Drawing on the operational definition of a ‘gender-equitable man’, and on an extensive literature review, a scale to measure the impact of the intervention on attitudes toward gender norms – called the Gender-equitable Men (GEM) Scale – was developed and validated in 2001 by Insituto Promundo and Institut NOOS, with technical assistance from the Horizons Program.
The GEM Scale was initially tested with a community-based sample of 742 men aged 15 to 60 (including 23 young men aged 15 to 24), in both low- and middle-income neighbourhoods in Rio de Janeiro. Less equitable (or more ‘traditional’ attitudes) were reported by men from varied socioeconomic backgrounds and in both low- and middle-income neighbourhoods. Men with lower educational levels tended to hold more inequitable views on gender roles and what it means to be a man. A strong association was found between GEM Scale scores and key health-related outcomes, such as partner violence and contraceptive use. As hypothesised, more equitable attitudes were associated with less reported partner violence and higher reported contraceptive use.
The GEM Scale includes 17 items on 5 key areas related to gender norms:
- Sexual relationships
- Reproductive health and disease prevention
- Domestic chores and childcare
- Homophobia and relationships with other men
In 2002, Promundo and the Horizons Program piloted Program H in Rio de Janeiro, Brazil. This quasi-experimental study compared the impact of different combinations of programme activities to identify which are particularly useful for achieving desirable changes in attitudes and behaviours. Three groups of young men aged 14 to 25 (at baseline, n=780) were followed over time and were based in three different but fairly homogeneous low-income communities. Young men from these three favelas do not tend to interact with each other, so there was minimal risk of ‘contamination’.
Programme activities were implemented in the pilot communities as follows:
- Maré: Focused on group education only
- Bangu: Combined group education with the community-wide lifestyle campaign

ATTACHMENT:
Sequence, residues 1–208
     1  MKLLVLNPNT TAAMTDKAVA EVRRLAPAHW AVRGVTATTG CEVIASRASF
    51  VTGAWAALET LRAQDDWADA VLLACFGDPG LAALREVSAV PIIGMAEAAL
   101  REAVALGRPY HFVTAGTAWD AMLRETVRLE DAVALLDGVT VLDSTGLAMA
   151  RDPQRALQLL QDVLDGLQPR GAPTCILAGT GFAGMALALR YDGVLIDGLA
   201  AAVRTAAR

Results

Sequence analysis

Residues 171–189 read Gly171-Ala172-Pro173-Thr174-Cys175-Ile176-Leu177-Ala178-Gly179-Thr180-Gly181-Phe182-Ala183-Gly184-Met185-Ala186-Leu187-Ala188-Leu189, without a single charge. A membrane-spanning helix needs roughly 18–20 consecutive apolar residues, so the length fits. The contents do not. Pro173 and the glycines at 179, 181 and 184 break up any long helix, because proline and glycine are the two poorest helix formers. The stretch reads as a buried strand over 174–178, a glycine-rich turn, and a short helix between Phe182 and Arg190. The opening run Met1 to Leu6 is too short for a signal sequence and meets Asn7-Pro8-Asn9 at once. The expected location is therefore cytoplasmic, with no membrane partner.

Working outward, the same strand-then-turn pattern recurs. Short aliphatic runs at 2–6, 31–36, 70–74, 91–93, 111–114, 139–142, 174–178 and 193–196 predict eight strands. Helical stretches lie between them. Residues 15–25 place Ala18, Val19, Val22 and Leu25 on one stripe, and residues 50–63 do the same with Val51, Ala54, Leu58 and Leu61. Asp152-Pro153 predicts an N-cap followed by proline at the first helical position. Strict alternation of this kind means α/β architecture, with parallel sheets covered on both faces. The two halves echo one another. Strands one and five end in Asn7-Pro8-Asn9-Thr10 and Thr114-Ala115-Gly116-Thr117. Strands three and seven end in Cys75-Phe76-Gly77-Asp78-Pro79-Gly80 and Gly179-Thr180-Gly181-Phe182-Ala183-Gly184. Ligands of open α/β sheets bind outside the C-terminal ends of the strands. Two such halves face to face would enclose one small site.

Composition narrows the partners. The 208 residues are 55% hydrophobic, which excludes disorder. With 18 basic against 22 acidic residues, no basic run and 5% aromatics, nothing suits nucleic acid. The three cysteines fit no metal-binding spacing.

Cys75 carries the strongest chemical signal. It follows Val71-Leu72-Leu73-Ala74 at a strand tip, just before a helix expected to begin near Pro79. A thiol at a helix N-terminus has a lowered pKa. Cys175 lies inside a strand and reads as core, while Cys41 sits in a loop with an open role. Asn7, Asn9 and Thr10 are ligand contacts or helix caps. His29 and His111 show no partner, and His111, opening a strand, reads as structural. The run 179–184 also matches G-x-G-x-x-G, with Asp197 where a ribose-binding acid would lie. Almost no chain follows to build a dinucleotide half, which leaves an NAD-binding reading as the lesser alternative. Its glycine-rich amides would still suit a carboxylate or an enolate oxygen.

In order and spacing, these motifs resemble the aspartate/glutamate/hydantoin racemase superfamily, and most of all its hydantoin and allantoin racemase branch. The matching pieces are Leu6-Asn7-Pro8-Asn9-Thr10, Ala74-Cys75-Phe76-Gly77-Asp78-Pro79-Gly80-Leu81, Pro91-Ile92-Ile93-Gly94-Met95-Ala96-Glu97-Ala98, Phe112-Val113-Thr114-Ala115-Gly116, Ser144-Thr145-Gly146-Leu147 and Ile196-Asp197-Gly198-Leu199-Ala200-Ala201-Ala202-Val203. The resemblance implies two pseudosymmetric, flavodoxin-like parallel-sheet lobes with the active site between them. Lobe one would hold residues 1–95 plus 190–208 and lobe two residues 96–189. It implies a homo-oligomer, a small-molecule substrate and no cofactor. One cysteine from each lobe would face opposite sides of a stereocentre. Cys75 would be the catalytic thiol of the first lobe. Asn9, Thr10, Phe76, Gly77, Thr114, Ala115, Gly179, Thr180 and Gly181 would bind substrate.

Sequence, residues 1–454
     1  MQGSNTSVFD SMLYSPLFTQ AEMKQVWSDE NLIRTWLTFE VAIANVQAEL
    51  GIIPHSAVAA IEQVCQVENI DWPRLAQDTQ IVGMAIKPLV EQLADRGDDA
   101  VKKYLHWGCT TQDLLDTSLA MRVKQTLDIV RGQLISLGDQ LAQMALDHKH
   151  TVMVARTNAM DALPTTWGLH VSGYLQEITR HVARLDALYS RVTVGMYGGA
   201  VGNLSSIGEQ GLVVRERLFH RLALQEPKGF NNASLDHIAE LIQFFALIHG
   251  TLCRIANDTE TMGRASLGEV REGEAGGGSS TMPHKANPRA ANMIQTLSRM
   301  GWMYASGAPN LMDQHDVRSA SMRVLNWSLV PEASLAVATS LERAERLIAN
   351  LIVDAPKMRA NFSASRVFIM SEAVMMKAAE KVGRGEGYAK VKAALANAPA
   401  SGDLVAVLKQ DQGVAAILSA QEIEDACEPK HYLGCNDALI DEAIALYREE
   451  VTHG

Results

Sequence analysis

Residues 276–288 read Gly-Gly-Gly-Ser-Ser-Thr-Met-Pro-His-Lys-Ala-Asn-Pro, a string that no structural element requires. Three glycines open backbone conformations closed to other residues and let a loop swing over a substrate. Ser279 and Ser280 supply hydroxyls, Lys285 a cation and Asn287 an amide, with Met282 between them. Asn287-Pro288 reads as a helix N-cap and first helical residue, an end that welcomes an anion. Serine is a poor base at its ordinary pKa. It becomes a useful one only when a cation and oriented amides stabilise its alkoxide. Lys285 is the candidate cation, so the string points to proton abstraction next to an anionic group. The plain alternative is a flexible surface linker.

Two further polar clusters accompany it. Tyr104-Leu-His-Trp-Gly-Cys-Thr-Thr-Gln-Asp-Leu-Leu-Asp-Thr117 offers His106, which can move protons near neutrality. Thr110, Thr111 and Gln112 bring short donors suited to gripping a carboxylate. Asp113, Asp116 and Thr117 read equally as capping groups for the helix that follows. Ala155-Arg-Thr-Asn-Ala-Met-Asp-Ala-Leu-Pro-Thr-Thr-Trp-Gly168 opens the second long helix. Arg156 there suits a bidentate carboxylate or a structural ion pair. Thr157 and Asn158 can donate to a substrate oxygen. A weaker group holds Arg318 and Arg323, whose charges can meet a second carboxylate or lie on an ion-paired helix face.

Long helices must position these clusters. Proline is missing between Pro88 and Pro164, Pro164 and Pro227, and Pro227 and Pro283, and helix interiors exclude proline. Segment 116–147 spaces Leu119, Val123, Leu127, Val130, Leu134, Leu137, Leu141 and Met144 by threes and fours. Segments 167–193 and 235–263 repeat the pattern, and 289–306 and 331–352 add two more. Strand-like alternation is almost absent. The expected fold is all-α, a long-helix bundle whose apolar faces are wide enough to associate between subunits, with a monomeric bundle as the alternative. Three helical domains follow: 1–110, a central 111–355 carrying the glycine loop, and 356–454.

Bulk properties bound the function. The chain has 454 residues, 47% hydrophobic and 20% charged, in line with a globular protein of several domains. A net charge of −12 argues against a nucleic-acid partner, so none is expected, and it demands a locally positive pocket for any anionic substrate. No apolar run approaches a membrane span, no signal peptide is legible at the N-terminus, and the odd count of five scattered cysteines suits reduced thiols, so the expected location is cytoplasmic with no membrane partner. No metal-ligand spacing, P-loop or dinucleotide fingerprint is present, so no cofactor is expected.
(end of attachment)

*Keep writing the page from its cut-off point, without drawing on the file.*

- Morro dos Macacos: Delayed intervention (reduced hours of group education) followed a control period of no intervention
The study team considered a six-month period long enough to expect an impact from the intervention, yet short enough that it was not too much of a burden on the young men to complete, nor on future organisations that may be interested in implementing it. A Technical Advisory Group, comprised of the founding members of the Program H Alliance and Population Council, selected six months’ worth of activities (18 in total) from the curriculum that were seen as most relevant for promoting gender equity and HIV prevention and were most successful in engaging young men during the field-tests.
Five adult men were selected to facilitate the group activities, which were conducted with young men during once-a-week sessions for two hours each, for a total of 28 hours. Each of them had prior experience working with groups of youth from low-income communities on gender and health issues. The facilitators had previously worked with Promundo and were selected in part because of their gender-sensitive and equitable perspectives. Facilitators were additionally trained by programme staff for a total of 24 hours. As part of their training, they had to participate in the educational activities they would later facilitate. This way they reflected on their own attitudes toward the issues.
During implementation, the coordinator of Promundo’s Gender and Health Program led regular (usually weekly) meetings with workshop facilitators to discuss their progress and how the young men were reacting to the programme.